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Six common mistakes to avoid when interviewing job applicants

These 6 interview mistakes are causing you to hire the wrong people

With butterflies in your stomach, you enter the interview room. For the third time this year, you’re screening candidates for an important position at your company. Desperate to hire someone who will remain in the position for longer than a few months, you feel certain you’re more nervous than the job applicant confidently smiling at you. If you can relate to this scenario, you’re not alone. Finding the right person to fill a vacant position is often tedious and nerve-wracking. To increase your odds of landing the right person for the job, strive to avoid the following common mistakes when interviewing applicants.

Failing to Know What You Want

Failing to know what you want when interviewing applicants can lead to hiring disasters. Before screening candidates, do your homework. Create a detailed list of job responsibilities. For each responsibility, determine the skills, talent, knowledge, and experience required to accomplish the task. Once you know what qualities you want a new employee to possess, your likelihood of hiring the perfect person for the job will skyrocket.

interview skills.jpg

Overly Relying on First Impressions

When interviewing applicants, resist the urge to overly rely on first impressions. While one candidate might display the firmest handshake and the best eye contact, he or she may lack pertinent skills required for the job. Attempting to disprove your first impressions of an applicant can sometimes provide insight. For instance, for candidates you’re immediately drawn to, search for reasons why they aren’t suited for the position. For those applicants who don’t provide you with good first impressions, look for reasons as to why they’re perfect for the job.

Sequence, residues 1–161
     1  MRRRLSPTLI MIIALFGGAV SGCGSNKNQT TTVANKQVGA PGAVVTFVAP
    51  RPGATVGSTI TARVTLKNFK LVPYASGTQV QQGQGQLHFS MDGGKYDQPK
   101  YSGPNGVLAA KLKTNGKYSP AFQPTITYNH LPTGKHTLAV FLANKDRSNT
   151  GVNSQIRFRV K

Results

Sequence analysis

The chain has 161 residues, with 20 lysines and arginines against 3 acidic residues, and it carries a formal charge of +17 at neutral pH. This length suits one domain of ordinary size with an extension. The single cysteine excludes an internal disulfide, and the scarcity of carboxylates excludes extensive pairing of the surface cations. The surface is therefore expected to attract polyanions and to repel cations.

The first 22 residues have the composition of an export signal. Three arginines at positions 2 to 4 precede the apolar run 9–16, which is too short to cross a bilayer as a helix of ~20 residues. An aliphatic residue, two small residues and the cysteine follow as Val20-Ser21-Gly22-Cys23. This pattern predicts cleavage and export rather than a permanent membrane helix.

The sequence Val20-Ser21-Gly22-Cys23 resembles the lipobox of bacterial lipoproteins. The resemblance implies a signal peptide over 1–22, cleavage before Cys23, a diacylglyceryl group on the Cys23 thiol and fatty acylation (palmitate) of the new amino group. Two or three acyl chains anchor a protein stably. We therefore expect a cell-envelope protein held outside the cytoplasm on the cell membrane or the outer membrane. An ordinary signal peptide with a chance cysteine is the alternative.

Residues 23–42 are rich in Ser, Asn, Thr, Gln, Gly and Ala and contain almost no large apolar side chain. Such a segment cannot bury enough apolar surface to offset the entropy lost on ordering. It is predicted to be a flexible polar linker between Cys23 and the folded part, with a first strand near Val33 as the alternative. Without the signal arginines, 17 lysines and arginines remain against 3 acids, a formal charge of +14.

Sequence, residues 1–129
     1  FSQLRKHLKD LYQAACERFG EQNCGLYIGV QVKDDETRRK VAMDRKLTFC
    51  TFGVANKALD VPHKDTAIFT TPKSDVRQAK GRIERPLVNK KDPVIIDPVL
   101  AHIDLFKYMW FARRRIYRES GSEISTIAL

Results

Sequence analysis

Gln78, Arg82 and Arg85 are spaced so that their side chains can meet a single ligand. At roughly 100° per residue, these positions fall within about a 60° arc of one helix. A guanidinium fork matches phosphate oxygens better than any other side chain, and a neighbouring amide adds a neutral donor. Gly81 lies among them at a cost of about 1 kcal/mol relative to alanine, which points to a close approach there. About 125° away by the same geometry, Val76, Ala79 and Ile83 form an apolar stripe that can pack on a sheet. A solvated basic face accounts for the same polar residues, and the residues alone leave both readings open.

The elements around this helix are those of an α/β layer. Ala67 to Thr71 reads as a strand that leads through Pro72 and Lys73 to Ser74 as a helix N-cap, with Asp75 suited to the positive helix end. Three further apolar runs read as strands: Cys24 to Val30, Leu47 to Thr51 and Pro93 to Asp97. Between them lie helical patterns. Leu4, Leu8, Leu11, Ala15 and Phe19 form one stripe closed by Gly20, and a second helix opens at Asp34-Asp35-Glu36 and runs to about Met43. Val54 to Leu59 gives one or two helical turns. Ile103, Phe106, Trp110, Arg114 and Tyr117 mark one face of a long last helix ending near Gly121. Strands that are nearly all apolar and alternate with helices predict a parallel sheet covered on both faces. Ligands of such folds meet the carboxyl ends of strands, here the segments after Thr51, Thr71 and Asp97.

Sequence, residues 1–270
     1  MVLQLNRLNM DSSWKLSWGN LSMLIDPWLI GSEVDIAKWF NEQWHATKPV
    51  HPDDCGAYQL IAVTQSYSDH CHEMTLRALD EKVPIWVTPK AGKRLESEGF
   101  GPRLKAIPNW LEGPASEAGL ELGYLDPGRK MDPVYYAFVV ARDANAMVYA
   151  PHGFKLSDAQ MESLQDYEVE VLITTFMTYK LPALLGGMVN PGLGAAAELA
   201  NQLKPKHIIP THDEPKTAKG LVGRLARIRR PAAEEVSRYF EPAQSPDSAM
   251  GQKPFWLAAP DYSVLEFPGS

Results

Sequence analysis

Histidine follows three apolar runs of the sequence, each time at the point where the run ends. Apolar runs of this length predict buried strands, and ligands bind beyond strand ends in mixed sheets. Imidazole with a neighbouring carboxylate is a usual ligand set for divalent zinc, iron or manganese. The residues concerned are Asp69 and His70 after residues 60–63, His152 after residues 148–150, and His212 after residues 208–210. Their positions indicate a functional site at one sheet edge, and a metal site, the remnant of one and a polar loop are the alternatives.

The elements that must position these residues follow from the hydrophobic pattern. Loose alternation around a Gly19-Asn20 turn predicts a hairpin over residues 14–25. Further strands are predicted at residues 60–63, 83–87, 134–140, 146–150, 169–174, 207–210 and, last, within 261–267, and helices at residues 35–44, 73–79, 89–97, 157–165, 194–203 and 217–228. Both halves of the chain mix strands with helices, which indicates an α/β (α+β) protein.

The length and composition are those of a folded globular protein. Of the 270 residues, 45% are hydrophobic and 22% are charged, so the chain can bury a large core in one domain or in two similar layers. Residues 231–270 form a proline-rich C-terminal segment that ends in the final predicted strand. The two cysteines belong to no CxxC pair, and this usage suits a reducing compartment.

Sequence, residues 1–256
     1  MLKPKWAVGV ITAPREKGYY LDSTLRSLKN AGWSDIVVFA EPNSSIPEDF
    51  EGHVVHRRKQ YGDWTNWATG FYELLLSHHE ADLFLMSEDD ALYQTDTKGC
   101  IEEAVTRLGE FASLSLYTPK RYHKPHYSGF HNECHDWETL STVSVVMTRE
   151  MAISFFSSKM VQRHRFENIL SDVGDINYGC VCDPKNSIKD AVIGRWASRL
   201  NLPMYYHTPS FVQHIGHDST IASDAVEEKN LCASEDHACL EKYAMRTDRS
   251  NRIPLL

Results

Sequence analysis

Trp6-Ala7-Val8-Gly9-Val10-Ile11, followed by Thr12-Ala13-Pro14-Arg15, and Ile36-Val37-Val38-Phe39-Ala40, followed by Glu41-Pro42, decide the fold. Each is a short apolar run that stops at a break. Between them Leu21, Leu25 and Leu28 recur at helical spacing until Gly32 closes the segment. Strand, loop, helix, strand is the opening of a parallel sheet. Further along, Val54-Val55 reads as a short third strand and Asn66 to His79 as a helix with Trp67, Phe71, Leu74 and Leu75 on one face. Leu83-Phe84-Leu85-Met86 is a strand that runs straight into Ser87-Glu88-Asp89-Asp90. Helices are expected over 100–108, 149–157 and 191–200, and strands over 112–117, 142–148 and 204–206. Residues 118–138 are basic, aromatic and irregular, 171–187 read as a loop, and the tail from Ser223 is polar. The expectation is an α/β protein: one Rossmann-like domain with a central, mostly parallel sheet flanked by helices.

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Neglecting to Mention Company Culture

Feeling comfortable with a company’s culture is crucial. After all, employees often spend as much, if not more, time at their workplaces as they do with their closest family members and friends. When interviewing prospective employees, don’t neglect to mention company norms such as: 

  • Proper work attire
  • Promotion policies
  • Presence or absence of telecommuting opportunities

Resume format.jpgTalking Too Much

In an interview, you need to glean as much information about a prospective employee as possible. Therefore, the job candidate should do the majority of the talking. Consider enacting the 80/20 rule. Encourage the interviewee to talk 80 percent of the time while you speak 20 percent of the time.

Failing to Require Applicants to Prove Skills

If a job applicant has earned an accounting degree, you might assume he or she can successfully analyze and prepare complex financial statements. Unfortunately, college degree holders don’t always possess the skills associated with their respective fields. Therefore, before hiring an accountant, engineer, lawyer, or any other type of professional, oblige him or her to prove the skills required for the job. You can easily accomplish this task through: 

  • Take-home tests
  • Role play
  • Situation-based case studies

Accepting a First Answer without a Follow-Up Question

To gain reliable information from a job interview, don’t hesitate to respond with follow-up questions to an applicant’s answer to an inquiry. For example, you might ask a potential employee how he or she would be an asset to your company. The interviewee may inform you that he or she excels at teamwork. You could then prompt the applicant to provide concrete examples of successful collaborations with coworkers in the past.  

Job offer.jpgHiring the wrong person for an important position can negatively affect both a new employee and an entire company. Therefore, the interview process is crucial. To increase your odds of hiring the right person to contribute to the future of your company, avoid the aforementioned interview mistakes.     

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